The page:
How to use AWS Workspaces as jumphosts for secure remote access?
There are a few ways to grant your developers and SREs access to your AWS infrastructure. One popular way is to create bastion hosts. This host is a public facing instance with a public IP.
Developers can log into the instance (typically a Linux or Windows OS) with a certificate file and get access to the environment behind it. But, if you have more than 5 developers and 7 VPCs, this arrangement gets very cumbersome: Pem key sharing, spreadsheets with subnet mappings, etc.
AWS Workspaces offers a great alternative to bastion hosts. What is AWS Workspaces? It is desktop in the cloud. For you citrix/vmware folks, it is VDI in the cloud. Workspaces (VDI instances) run in their own VPC, called the Workspaces VPC. This VPC is peered to other VPCs using AWS peering.
Each user (developer, tester, SRE etc.) gets their own AWS Workspace instance. Users can be authenticated using AD integration. So, it feels like a natural extension of your current desktop infrastructure into the cloud. Once the user logs in, they will be able to access the AWS instances using private IPs.
Using workspaces as jumphosts provides the flexibility of controlling user authentication using AD, provide a full desktop experience in a controlled fashion and ability to track user activity.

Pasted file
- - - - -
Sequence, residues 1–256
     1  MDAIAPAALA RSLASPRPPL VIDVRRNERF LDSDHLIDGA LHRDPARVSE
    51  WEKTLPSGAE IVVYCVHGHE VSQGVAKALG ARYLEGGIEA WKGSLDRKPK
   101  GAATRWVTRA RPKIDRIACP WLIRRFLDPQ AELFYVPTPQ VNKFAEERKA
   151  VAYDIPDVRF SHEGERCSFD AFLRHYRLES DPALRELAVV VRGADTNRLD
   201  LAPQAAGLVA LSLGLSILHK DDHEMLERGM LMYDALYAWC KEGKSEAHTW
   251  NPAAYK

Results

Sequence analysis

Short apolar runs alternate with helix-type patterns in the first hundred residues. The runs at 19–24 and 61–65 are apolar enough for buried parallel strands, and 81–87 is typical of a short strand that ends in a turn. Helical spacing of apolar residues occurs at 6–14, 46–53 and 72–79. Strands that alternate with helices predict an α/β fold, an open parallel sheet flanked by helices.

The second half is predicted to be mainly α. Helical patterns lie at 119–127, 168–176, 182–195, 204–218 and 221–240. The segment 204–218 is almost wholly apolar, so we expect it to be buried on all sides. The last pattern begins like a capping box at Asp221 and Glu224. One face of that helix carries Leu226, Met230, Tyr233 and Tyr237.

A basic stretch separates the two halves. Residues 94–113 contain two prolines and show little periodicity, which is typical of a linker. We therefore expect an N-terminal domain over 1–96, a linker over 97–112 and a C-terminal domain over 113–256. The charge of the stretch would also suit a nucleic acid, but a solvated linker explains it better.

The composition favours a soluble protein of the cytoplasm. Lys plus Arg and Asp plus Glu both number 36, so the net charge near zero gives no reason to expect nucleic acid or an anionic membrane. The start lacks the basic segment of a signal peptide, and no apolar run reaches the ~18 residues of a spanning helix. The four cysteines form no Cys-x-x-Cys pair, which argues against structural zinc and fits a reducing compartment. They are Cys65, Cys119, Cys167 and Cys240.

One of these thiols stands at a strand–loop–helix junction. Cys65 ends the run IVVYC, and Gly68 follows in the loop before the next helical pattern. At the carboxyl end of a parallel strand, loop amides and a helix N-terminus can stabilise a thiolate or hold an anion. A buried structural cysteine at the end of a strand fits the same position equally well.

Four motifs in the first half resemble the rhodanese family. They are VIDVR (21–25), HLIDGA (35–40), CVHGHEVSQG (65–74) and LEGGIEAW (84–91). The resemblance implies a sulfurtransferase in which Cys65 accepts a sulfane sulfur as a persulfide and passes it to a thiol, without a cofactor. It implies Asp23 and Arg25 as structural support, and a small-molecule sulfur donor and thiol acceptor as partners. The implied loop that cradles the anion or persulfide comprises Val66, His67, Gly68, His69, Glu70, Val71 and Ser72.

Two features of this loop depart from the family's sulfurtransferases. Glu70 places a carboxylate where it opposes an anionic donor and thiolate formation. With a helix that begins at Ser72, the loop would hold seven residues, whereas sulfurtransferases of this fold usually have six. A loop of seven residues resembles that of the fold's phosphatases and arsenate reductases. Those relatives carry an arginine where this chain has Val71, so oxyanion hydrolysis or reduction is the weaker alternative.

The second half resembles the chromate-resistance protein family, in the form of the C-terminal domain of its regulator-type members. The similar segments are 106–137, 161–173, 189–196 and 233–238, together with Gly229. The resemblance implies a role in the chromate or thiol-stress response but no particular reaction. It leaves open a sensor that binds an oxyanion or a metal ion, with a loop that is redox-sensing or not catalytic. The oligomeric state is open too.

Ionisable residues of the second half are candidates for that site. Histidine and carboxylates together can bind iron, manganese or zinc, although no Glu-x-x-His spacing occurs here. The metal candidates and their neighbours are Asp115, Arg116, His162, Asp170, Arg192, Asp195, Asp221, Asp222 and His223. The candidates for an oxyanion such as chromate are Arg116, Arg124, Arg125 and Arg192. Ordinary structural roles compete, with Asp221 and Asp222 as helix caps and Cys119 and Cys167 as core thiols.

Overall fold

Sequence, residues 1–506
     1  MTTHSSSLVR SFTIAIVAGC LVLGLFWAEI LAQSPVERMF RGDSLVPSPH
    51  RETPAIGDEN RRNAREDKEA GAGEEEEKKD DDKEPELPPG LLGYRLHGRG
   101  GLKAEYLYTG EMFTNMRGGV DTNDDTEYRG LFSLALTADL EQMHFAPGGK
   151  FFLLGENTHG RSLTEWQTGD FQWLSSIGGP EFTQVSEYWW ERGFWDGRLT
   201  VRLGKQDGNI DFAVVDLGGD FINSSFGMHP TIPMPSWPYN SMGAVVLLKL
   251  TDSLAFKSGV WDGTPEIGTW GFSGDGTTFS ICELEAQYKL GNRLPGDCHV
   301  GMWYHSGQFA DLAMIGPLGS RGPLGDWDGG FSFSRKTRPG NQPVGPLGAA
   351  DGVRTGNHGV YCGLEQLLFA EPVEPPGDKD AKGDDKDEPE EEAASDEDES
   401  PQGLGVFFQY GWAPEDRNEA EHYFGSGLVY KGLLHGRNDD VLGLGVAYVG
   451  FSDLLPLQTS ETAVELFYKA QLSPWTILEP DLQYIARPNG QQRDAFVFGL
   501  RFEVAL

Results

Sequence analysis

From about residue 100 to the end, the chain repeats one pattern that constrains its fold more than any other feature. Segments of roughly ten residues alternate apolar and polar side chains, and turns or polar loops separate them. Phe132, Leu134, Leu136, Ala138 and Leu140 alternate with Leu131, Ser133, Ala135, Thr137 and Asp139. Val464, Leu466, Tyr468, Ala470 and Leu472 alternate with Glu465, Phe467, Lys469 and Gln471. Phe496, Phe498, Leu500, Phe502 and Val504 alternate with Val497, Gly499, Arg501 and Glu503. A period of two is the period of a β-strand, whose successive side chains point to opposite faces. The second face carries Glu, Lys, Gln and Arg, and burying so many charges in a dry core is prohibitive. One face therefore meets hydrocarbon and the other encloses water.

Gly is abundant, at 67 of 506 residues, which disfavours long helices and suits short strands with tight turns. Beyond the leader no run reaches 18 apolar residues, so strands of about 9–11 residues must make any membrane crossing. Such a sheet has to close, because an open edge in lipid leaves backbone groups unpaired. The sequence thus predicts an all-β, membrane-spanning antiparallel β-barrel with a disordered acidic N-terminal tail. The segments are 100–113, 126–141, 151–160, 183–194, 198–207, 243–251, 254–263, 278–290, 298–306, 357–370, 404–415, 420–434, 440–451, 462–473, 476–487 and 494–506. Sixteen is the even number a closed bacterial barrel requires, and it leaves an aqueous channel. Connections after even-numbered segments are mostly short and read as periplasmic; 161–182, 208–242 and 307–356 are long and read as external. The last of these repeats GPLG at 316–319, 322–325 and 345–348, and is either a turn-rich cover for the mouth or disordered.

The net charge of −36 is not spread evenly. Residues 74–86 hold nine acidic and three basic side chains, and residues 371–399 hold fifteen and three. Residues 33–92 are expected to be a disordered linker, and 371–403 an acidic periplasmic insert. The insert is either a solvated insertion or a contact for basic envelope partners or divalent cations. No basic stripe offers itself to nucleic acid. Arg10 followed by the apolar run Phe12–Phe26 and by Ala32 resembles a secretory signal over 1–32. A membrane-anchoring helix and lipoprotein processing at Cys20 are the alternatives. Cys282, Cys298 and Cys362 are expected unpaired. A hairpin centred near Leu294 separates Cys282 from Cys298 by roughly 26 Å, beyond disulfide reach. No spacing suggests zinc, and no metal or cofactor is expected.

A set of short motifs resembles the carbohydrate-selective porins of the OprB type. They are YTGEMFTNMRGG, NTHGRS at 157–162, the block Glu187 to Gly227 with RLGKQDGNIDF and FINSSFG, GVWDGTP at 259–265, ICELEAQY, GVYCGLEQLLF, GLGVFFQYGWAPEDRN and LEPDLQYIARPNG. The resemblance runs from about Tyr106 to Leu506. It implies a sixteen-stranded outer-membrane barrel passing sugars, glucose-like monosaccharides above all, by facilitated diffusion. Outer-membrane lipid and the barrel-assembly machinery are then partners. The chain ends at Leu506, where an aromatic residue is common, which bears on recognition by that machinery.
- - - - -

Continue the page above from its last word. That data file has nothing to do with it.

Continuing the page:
This set up poses one major challenge: How do you control which AWS network spaces each Workspace instance can access? AWS Security Groups are not supported on Workspaces. It is even more challenging when you consider the fact that Workspace instances run in an AWS-managed VPC.
Aviatrix encrypted peering has been the solution of choice to provide network segmentation for AWS workspaces. Aviatrix’s controller deploys gateways in the Workspaces VPC in the application VPCs that require access from the desktops. These VPCs can now be connected using encrypted tunnels using Aviatrix’s simple “point and click” interface (or using scripting tools like terraform, chef etc.)
The administrator can then set the Gateways’ security policy up to be “Deny all”. Then, selectively allow Source IP – Target IP pairs. This way, the administrator can carve out access permissions for the various workspace users.
A diagram of the set-up is shown below:
To get started, you can start with deploying the Aviatrix controller in your VPC: http://docs.aviatrix.com/StartUpGuides/aviatrix-cloud-controller-startup-guide.html